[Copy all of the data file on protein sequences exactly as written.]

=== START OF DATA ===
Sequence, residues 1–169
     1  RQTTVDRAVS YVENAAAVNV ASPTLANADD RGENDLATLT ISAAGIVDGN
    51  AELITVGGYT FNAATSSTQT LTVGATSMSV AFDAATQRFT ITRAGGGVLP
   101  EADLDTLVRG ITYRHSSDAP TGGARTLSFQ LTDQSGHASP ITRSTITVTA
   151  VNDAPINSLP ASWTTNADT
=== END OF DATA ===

Sequence, residues 1–169
     1  RQTTVDRAVS YVENAAAVNV ASPTLANADD RGENDLATLT ISAAGIVDGN
    51  AELITVGGYT FNAATSSTQT LTVGATSMSV AFDAATQRFT ITRAGGGVLP
   101  EADLDTLVRG ITYRHSSDAP TGGARTLSFQ LTDQSGHASP ITRSTITVTA
   151  VNDAPINSLP ASWTTNADT